Rock climbing is a physical activity that not only causes an increase in muscle tension, heart rate and blood pressure, but also results in the elevation of stress hormones including cortisol. It has not been established which of the above mentioned variables serve as the most accurate indicator of rock climbing-induced physical and mental stress. The aim of this study was to evaluate the effect of physical activity, short-term fatigue and mental demand on heart rate (HR), salivary cortisol (C) and blood plasma lactate (LA) concentrations in rock climbers under laboratory conditions. Twelve male and female rock climbers of comparable climbing performance (5a – 6b OS) were recruited. The participants completed two routes of different climbing difficulty (effect of physical demand), repeated a difficult route with a short 5-min recovery period three times (effect of fatigue), and repeated a difficult lead climb (effect of mental demand). Heart rate as well as C and LA concentrations were determined. The results indicated that more difficult climbing routes elicited increases in HR (especially relative values) and LA concentrations, whereas fatigue accumulation had an effect on climbing HR and relative C concentration values. Lead climbing only caused an increase in climbing HR. Based on the results it was concluded that HR was a good indicator of physical and mental stress intensity. Performing the same difficult route three times with a short recovery period in-between turned out to be the most demanding task and resulted in the highest increase of the cortisol concentration. Dynamics of changes in lactate concentrations depend on muscle loading (local muscular effort), lactate clearance and technical/tactical skills of the climber.
Cesare Altavilla, Roberto Cejuela and Pablo Caballero-Pérez
To compare the effect of three different feedback modalities on swimming pace, sixteen male swimmers and triathletes participated in this study. Each participant swam 3 x 400 m, one for each feedback modality, swimming front crawl at 80% of their individual swimming critical speed. Three feedback modalities were examined: self-pacing, real time visual feedback and real time voice feedback. The swimmers adopted a fast start in all feedback modalities. In the real time voice feedback modality, the data recorded during the second lap (200 m) showed a significant improvement of their swimming pace approaching the swimming pace intended (-1.47 s, p < .01, medium effect size 0.79). A significant improvement toward the swimming pace intended was also noticed at the third split time (300 m) (0.05 s, p < .01, large effect size 0.81) and at the fourth split time (400 m) (0.46 s, p < .01, medium effect size 0.76). In self-pacing, the swimmers were not able to swim in line with the swimming pace intended. In real time visual feedback modality, the swimmers did not show a significant improvement approaching the swimming pace intended. The results revealed that communication with the swimmers using the real time voice feedback induced a significant improvement in their swimming pace and could help the athletes to swim with accurate and consistent pace.
Michal Kumstát, Tomáš Hlinský, Ivan Struhár and Andy Thomas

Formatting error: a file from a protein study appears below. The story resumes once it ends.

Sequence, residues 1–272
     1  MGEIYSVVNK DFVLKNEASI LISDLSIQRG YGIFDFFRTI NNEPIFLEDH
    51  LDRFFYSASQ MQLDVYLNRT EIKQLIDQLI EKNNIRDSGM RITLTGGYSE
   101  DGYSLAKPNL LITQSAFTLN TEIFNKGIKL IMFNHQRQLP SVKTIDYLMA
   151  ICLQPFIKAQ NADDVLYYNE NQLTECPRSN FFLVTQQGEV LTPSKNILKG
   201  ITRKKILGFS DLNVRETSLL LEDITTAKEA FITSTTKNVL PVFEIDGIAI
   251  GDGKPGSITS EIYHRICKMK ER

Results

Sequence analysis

The aim of this study was to investigate the effect of ingesting sodium bicarbonate (SB) and sodium citrate (SC) on 400 m high-intensity swimming performance and blood responses. Six nationally ranked male swimmers (20.7 ± 2.1 yrs; 184 ± 6 cm; 79.9 ± 3.9 kg; 10.6 ± 1% body fat) participated in a double blinded, placebo controlled crossover trial. Ninety minutes after consuming SB (0.3 g·kg-1), SC (0.3 g·kg-1) or a placebo (PL) participants completed a single 400-m freestyle maximal test on three consecutive days. The order of the supplementation was randomized. Capillary blood samples were collected on 4 occasions: at rest (baseline), 60 min post-ingestion, immediately post-trial and 15 min post-trial. Blood pH, HCO3- concentration and base excess (BE) were determined. Blood pH, HCO3-, BE were significantly elevated from before loading to the pre-test (60 min post-ingestion) (p < 0.05) after SB ingestion, but not after SC ingestion (p > 0.05). Performance times were improved by 0.6% (p > 0.05) after supplementation of SB over PL in 5 out of 6 participants (responders). In contrast, ingestion of SC decreased performance by 0.2% (p > 0.05). No side effects were observed in either trial. Delayed blood response was observed after SC ingestion compared to SB and this provided no or modest ergogenic effect, respectively, for single bout high-intensity swimming exercise. Monitoring the magnitude of the time-to-peak level rise in alkalosis may be recommended in order to individualize the loading time accordingly before commencement of exercise.
Petr Kutáč and Jaroslav Uchytil
The objective of the study was to assess differences between the take-off and non-take-off limbs of athletes in track-and-field jumping events based on a segmental analysis of body composition as well as kinetic analysis. The research included 19 participants (10 males, 9 females) with an average age of 18.1 ± 2.8 years. We measured body height, body mass, body composition (body fat, fat free mass, bone mineral content and bone density) and segmental distribution of these variables. To assess strength of the lower limbs, we performed reaction force analysis during take-off and run symmetry. The difference in the representation of soft tissues between the take-off and non-take-off limbs was not significant; the differences were 0.06%, 0 kg in body fat and 0.01 kg in fat free mass. The differences in the values of bone matter were significant. The bone mineral content was 0.05 kg higher in the take-off limb (p < 0.001), and bone density was 0.07 g/cm2 higher (p < 0.001); the practical significance of the difference was intermediate (d = 0.5). Kinetic analysis showed that athletes exerted greater force on the pad with the take-off limb than the non-take-off limb when taking off while using arms in the first peak of the vertical force. The difference determined in this type of take-off was statistically significant (p < 0.05); the practical significance of the difference was medium (d = 0.7). The difference in the second peak of the vertical reaction force in the take-off arm was not statistically significant. The differences were reflected in the different bone matter compositions.